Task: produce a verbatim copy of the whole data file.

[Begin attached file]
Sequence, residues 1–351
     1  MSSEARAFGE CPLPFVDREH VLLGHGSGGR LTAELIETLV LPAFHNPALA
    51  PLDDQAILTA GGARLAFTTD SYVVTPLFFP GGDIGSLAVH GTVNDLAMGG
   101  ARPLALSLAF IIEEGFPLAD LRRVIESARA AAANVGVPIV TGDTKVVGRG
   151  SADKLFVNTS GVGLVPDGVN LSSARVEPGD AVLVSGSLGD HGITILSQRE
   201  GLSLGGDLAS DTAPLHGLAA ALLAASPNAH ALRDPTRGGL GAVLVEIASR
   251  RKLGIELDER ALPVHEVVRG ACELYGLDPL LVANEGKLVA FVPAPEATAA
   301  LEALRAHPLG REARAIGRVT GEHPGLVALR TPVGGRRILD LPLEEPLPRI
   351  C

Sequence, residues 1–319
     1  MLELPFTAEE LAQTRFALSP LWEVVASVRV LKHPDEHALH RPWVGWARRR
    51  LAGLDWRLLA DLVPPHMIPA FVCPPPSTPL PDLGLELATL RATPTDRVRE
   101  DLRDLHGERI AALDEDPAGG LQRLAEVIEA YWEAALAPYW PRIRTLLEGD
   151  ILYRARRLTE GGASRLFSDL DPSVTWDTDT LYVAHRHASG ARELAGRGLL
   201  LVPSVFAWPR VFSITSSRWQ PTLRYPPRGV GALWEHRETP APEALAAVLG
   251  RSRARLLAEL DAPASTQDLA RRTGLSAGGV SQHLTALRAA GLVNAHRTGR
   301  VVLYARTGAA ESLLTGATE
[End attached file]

Sequence, residues 1–351
     1  MSSEARAFGE CPLPFVDREH VLLGHGSGGR LTAELIETLV LPAFHNPALA
    51  PLDDQAILTA GGARLAFTTD SYVVTPLFFP GGDIGSLAVH GTVNDLAMGG
   101  ARPLALSLAF IIEEGFPLAD LRRVIESARA AAANVGVPIV TGDTKVVGRG
   151  SADKLFVNTS GVGLVPDGVN LSSARVEPGD AVLVSGSLGD HGITILSQRE
   201  GLSLGGDLAS DTAPLHGLAA ALLAASPNAH ALRDPTRGGL GAVLVEIASR
   251  RKLGIELDER ALPVHEVVRG ACELYGLDPL LVANEGKLVA FVPAPEATAA
   301  LEALRAHPLG REARAIGRVT GEHPGLVALR TPVGGRRILD LPLEEPLPRI
   351  C

Sequence, residues 1–319
     1  MLELPFTAEE LAQTRFALSP LWEVVASVRV LKHPDEHALH RPWVGWARRR
    51  LAGLDWRLLA DLVPPHMIPA FVCPPPSTPL PDLGLELATL RATPTDRVRE
   101  DLRDLHGERI AALDEDPAGG LQRLAEVIEA YWEAALAPYW PRIRTLLEGD
   151  ILYRARRLTE GGASRLFSDL DPSVTWDTDT LYVAHRHASG ARELAGRGLL
   201  LVPSVFAWPR VFSITSSRWQ PTLRYPPRGV GALWEHRETP APEALAAVLG
   251  RSRARLLAEL DAPASTQDLA RRTGLSAGGV SQHLTALRAA GLVNAHRTGR
   301  VVLYARTGAA ESLLTGATE